Earlier entries featuring Henry, a carnivore from Colombia and Yozo, a football fanatic from Japan can be found in READ


A Landlady’s Diary - Part 5




Katya has returned to Moscow so our Landlady is free to take a holiday... first stop India.

Zara G.'s latest episode of

A Landlady's Diary




A Landlady’s Diary - Part 6

landladys diary picnic

It's been a while since we've had an entry in 

A Landlady's Diary  

In Zara G.'s latest episode,  a period of recuperation leads to memories of home remedies from the kitchen.

Parts 1 -5,  featuring Henry, a carnivore from Colombia and Yozo, a football fanatic from Japan, and more can be found in READ



A Landlady’s Diary - Part 7



In Zara G.'s latest diary entry, a lady from Turin is not quite what was expected...

Parts 1 -6,  featuring Henry, a carnivore from Colombia and Yozo, a football fanatic from Japan, and more can be found in READ



A Landlady’s Diary - Part 8


a landladys diary 2



Business isn't brisk for our Landlady, Zara G, so she has time to expand on an episode from her childhood.



A Landlady’s Diary - Part 9

landladys diary



In the latest entry in A Landlady's Diary, Zara G meets Yoshi and intoduces some spice into his culinary life!




Cling Film Noir

cling_film_noir_200Kazuo Ishiguro, prize winning author of Remains Of The Day, has just voiced his sympathy and support for the disdained cliche.

With this in mind, plus our national obsession with food, here is a short piece which might have been conceived by Raymond Chandler or Dashiell Hammett had they been alive today.

Read on..



Tobi, alias Paul Tobias, is our resident food cartoonist.  He started drawing cartoons when he was five. By eight he was drawing on the walls and signing them (the first indication of a high I.Q.).

We tried to interview Paul's teachers but they wouldn't return our calls. With artistic talent like that there was only one career path ideal for him - he became a solicitor.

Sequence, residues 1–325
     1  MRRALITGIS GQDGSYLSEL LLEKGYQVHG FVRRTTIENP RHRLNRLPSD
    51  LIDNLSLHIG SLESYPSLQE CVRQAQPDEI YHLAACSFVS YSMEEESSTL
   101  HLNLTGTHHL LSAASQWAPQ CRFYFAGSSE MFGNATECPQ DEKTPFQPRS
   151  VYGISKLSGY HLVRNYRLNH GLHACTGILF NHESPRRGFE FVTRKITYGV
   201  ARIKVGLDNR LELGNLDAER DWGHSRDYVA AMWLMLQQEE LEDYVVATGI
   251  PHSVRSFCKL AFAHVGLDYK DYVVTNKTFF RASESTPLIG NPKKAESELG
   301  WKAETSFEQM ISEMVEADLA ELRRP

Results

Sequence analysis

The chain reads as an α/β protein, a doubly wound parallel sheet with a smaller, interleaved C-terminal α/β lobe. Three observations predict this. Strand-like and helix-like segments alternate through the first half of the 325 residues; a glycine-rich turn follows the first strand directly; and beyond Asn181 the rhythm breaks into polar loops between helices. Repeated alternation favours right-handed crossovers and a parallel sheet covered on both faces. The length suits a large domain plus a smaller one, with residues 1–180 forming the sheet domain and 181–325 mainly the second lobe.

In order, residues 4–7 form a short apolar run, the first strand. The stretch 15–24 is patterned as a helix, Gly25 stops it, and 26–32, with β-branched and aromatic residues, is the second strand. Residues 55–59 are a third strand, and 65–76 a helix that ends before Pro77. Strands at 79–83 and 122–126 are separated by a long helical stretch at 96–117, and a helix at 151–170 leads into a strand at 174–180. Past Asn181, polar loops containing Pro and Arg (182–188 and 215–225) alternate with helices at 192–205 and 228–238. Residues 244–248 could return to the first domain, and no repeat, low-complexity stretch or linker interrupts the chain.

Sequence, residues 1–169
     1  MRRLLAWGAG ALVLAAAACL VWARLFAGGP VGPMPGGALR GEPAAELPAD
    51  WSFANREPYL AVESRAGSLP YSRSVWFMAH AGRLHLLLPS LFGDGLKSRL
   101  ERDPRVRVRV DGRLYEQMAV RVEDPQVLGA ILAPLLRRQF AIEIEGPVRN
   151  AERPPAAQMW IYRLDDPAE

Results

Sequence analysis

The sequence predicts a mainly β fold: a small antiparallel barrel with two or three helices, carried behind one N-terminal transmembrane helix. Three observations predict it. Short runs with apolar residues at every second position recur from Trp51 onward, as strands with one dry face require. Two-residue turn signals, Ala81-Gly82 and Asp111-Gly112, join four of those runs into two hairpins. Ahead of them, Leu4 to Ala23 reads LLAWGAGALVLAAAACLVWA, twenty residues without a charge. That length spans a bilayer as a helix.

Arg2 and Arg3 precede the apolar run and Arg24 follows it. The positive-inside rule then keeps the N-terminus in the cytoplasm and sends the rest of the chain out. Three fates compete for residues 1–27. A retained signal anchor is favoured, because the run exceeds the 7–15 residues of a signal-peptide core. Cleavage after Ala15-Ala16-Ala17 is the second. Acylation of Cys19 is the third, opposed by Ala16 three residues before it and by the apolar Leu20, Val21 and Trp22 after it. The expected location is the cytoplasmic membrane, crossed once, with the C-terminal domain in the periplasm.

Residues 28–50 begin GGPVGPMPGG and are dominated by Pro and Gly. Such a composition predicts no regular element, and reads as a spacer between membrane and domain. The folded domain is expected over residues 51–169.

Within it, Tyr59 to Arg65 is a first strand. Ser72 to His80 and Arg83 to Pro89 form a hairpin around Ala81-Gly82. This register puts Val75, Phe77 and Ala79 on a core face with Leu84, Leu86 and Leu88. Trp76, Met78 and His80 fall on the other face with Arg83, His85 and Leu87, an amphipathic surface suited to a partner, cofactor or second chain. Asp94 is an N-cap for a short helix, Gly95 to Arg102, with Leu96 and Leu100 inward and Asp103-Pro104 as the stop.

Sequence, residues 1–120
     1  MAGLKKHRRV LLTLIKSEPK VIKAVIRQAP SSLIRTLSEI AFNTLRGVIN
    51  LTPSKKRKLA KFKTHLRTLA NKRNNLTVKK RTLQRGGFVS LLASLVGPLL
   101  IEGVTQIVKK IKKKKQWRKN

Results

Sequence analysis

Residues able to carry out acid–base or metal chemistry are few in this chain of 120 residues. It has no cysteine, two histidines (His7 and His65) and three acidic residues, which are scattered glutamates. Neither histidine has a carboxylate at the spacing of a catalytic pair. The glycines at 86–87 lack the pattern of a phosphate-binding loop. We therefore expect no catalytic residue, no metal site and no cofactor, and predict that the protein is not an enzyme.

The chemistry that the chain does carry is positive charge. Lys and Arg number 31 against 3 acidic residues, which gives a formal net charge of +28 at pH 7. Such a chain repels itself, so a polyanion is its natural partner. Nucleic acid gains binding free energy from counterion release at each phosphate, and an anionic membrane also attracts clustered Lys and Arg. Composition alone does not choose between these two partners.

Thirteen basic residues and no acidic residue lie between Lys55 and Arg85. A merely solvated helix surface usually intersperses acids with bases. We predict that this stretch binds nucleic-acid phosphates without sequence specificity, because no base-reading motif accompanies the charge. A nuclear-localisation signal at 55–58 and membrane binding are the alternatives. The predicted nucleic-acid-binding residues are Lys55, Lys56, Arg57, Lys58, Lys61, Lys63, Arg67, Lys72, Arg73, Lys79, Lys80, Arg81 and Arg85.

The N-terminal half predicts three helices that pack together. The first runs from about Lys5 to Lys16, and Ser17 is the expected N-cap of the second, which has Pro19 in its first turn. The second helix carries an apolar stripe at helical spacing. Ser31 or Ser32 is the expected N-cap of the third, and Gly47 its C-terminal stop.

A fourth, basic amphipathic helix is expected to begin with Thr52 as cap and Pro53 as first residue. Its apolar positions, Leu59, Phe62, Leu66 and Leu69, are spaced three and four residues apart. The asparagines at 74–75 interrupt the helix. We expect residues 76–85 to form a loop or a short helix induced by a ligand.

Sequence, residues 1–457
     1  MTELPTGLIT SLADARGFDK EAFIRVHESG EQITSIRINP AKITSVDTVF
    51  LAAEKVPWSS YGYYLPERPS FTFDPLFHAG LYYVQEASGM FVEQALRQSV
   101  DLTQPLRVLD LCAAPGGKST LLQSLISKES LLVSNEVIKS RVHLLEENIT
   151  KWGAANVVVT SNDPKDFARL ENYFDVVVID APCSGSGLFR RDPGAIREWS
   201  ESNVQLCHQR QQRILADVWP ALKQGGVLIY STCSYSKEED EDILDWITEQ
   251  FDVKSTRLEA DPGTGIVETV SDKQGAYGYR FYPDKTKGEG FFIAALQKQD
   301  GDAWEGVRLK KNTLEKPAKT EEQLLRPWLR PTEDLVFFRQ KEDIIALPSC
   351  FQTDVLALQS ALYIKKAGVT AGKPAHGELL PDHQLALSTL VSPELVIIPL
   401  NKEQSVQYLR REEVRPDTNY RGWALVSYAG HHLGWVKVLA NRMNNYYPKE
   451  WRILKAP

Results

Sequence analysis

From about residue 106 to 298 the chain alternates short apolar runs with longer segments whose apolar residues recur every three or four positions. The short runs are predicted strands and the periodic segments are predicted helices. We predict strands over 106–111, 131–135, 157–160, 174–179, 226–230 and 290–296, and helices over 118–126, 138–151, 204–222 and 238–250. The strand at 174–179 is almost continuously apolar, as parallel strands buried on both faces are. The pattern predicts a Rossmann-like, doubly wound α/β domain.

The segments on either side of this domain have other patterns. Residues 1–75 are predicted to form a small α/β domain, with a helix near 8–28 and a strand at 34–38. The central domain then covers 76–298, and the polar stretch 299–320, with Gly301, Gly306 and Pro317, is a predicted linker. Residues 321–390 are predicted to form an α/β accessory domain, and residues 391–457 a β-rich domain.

There followed 30 odd (very odd) years as a lawyer practising in the High Street ( he could never seem to afford an office) but Paul never let his cartooning fade and in his spare time (of which there was precious little given the Law Practice to run and wife and three children to support) continued drawing with commissions to illustrate books, and free lance publication in the National Dailies (even once having a cartoon accepted by The National Enquirer in America).

Paul has retired from  full time practice but continues in the Law as an occasional lecturer and consultant - and yes he's still drawing.

Here's what the critics say:-
"Paul is fantastic" His Mom
"Paul's drawings are to art what Marmite is to the Space Programme" Barak Obama
"Who?" David Cameron


See his cartoons in Gallery

Fyne Time




There are 3 million oysters in Loch Fyne . That's a fact. At least that's what Andy Lynes was told when he travelled to the Highlands to find out exactly what lies below the crystal clear waters of Scotland's largest sea loch.

Read on...

Watch video


Four Course Lunatics




Four Course Compost anyone?  Melon skin, steak bones, red peppers and pasta on the menu for some of California's best fed vines.

Richard Craig discovers how natural winemaking is completing the green loop:  from the farm to the restaurant kitchen and from the kitchen back to the vineyard that produces the wine that goes back to the restaurant!